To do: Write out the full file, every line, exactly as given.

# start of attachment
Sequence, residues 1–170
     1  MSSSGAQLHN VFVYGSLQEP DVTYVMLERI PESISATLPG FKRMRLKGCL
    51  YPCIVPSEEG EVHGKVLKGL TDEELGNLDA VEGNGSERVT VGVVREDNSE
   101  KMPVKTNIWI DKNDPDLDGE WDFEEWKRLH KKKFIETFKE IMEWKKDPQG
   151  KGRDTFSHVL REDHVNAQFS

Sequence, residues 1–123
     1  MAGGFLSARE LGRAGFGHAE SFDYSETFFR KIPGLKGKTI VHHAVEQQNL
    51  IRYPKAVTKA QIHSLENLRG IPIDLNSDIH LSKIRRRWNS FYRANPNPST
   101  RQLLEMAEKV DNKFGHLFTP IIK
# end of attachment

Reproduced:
Sequence, residues 1–170
     1  MSSSGAQLHN VFVYGSLQEP DVTYVMLERI PESISATLPG FKRMRLKGCL
    51  YPCIVPSEEG EVHGKVLKGL TDEELGNLDA VEGNGSERVT VGVVREDNSE
   101  KMPVKTNIWI DKNDPDLDGE WDFEEWKRLH KKKFIETFKE IMEWKKDPQG
   151  KGRDTFSHVL REDHVNAQFS

Sequence, residues 1–123
     1  MAGGFLSARE LGRAGFGHAE SFDYSETFFR KIPGLKGKTI VHHAVEQQNL
    51  IRYPKAVTKA QIHSLENLRG IPIDLNSDIH LSKIRRRWNS FYRANPNPST
   101  RQLLEMAEKV DNKFGHLFTP IIK